Have you ever wondered how lighting styles have evolved over the years? In today’s post we take a look back lighting styles and trends through the years.
The first electric lighting was introduced in the 1870s, revolutionising the way we illuminate our homes and streets. When Joseph Swan and Thomas Edison paired up to create the first commercial electric company, they probably couldn’t have imagined how home lighting would change over the decades to follow.
Here in this article, take a deeper look at lighting styles and trends through the ages, from the ornate, decorative lights of the Victorian era right through to the present day!
The Victorian age (1870 – 1910)
The Victorians went all-in for incredibly ornate lights and lampshades, with intricately decorated glass shades commonplace in most households where electricity had been installed. Wall lights tended to be multi-arm fixtures, while ceiling lights often had fringed or tasselled shades if they used a single bulb, or went down the chandelier or candelabra route in more upper-class households. Victorian-era lighting and interior design trends are typically defined by this sometimes over-the-top ornateness, but many of the designs are truly beautiful and wouldn’t look out of place in period homes today.
Art Deco & Art Nouveau (1900 – 1930)
Image: Covet House
For a period of around thirty years, the Art Deco or Art Nouveau style was all the rage. Art Deco arguably became the dominant style in the 1920s, that glittering golden era of flappers and high living. Lighting in this period often used ornately patterned glass lampshades, with a strong emphasis on the symmetry of design and bold colours. The use of gold and black was common, and it’s a strong look which has a timeless quality and could still work well in modern living rooms today.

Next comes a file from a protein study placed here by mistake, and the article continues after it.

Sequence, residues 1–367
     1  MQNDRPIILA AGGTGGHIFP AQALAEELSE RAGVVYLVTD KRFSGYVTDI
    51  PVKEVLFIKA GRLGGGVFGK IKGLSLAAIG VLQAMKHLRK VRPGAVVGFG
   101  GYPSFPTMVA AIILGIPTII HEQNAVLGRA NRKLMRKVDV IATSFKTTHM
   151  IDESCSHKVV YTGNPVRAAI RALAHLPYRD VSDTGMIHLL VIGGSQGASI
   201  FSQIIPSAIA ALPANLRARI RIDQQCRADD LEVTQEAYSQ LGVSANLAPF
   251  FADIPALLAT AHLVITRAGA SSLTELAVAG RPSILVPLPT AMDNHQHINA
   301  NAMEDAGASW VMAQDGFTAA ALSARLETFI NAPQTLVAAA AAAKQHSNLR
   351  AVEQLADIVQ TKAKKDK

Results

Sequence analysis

The Classical look (1895 – 1935)
Image: Mind The Gap
One of the biggest lighting trends of the early 20th century was the Classical look, giving a nod to ancient Roman and Greek civilisations. This trend ran in tandem with the traditional Victorian style, but made use of much more pared-back designs with echoes of the columns and marble of the Classical world. Vintage style lampshades from the era are still popular today, while wall sconces and overhead lights often feature a bowl design in white frosted glass, giving the appearance of marble and sometimes with a carved effect.
Romantic style (1920 – 1940)
Image; Lime Lace
The inter-war period saw a great deal of interest in recreating romantic European histories, whether that was taking inspiration from Mediterranean villas, French farmhouses or English country cottages. There was a real theme of nostalgia running through home lighting design during this era, with many lights taking on a fairytale, almost Disney appearance and over-exaggerating that romantic past. This encompassed the Gothic revival which saw candle-like wall fittings and candle bulbs being used, a style which can still look quirky and interesting today.
Mid-century lighting (1950 -1980)
Image: Essential Home
Lighting from the 1950s onwards began to look much more like the modern lighting we enjoy today. Lights often took traditional designs and gave them a contemporary update, sometimes embracing a more industrial look and relying less on ornate patterns or glass. Think more along the lines of chrome effect or brushed steel, sometimes with exposed bulbs and far less intricate than anything found in the Victorian or Art Deco periods. Lighting from the mid-20th century paved the way for the lighting trends of today.
Today’s lighting trends
Much of the lighting we enjoy in our homes today is far more experimental than it was in the past, with some ingenious designs out there. Lighting specialists are far more inclined to play with form and material, often involving the latest technology to create smart lighting which suits our busier lifestyles. Much of today’s lighting appears minimalist compared to the lighting of the past, paring back those ornate details in favour of something clean and simple but visually impressive.
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